ASSESSMENT METHODS

For your formal work in the course, you are required to participate in ten (10) online discussion forums, complete ten (10) written assignments, take ten (10) quizzes, and complete a final exam. See below for more details.

Consult the course Calendar for due dates

Discussion Forums

The course requires you to participate in ten (10) graded discussion forums. There is also an ungraded but required Introductions Forum in Module 1.

Communication and collaboration among fellow students and with the mentor is a critical component of online learning. Participation in online discussions involves two distinct activities: an initial response to a discussion question and subsequent comments on classmates' responses. Meaningful participation is relevant to the content, adds value, and advances the discussion. Comments such as "I agree" and "ditto" are not considered value-adding participation. Therefore, when you agree or disagree with a classmate, the reading, or your mentor, state and support your agreement or disagreement.

You will be evaluated on the quality and quantity of your participation, including your use of relevant course information and your awareness of and responses to the postings of your classmates. Remember, these are discussions. Responses and comments should be properly proofread and edited, professional, and respectful.

For posting guidelines and help with discussion forums, please see the Student Handbook located within the General Information page of the course Web site.

Written Assignments

You are required to complete ten (10) written assignments, one for each of the ten modules that make up the course.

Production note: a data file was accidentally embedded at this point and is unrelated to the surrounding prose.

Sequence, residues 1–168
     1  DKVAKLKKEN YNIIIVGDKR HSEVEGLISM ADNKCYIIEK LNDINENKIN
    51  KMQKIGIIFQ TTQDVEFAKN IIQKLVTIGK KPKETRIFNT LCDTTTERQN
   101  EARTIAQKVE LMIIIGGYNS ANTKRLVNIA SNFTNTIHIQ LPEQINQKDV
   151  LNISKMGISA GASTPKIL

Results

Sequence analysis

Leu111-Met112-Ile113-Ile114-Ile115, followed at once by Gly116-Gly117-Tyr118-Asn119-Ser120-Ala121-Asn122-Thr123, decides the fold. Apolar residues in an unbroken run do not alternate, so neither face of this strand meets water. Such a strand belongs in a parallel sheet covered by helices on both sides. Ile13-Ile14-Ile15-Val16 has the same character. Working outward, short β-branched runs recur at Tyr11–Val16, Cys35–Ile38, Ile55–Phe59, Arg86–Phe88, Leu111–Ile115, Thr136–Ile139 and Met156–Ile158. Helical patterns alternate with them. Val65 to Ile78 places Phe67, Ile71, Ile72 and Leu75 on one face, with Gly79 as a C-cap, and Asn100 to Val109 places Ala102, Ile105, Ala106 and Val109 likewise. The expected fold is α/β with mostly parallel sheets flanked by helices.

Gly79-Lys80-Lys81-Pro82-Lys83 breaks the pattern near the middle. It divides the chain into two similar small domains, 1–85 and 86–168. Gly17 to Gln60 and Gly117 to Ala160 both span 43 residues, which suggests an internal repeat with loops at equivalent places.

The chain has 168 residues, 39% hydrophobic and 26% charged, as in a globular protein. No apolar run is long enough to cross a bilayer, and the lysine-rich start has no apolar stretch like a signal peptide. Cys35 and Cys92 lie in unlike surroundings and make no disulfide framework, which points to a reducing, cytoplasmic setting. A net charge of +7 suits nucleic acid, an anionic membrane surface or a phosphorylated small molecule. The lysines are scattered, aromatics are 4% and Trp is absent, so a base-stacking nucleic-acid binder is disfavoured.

Your answers to the written assignment questions should be well developed and convey your understanding of the course materials. Formulate responses in your own words, citing reading materials and other sources where appropriate and in an appropriate manner.

Prepare your written activities using whatever word processing program you have on your computer. Include your name at the top of the paper, as well as the course name and code and the semester and year in which you are enrolled.

Before submitting your first activity, check with your mentor to determine whether your word processing software is compatible with your mentor's software. If so, you can submit your work as you prepared it. If not, save your activity as a rich-text (.rtf) file, using the Save As command of your software program. Rich text retains basic formatting and can be read by any other word processing program.

For help regarding preparing and submitting activities, see the Student Handbook located within the General Information page of the course Web site.


Quizzes

At the conclusion of each module, following the written assignment, is an online module quiz. The module quiz consists of twenty (20) multiple-choice questions based on the module's lecture and assigned reading.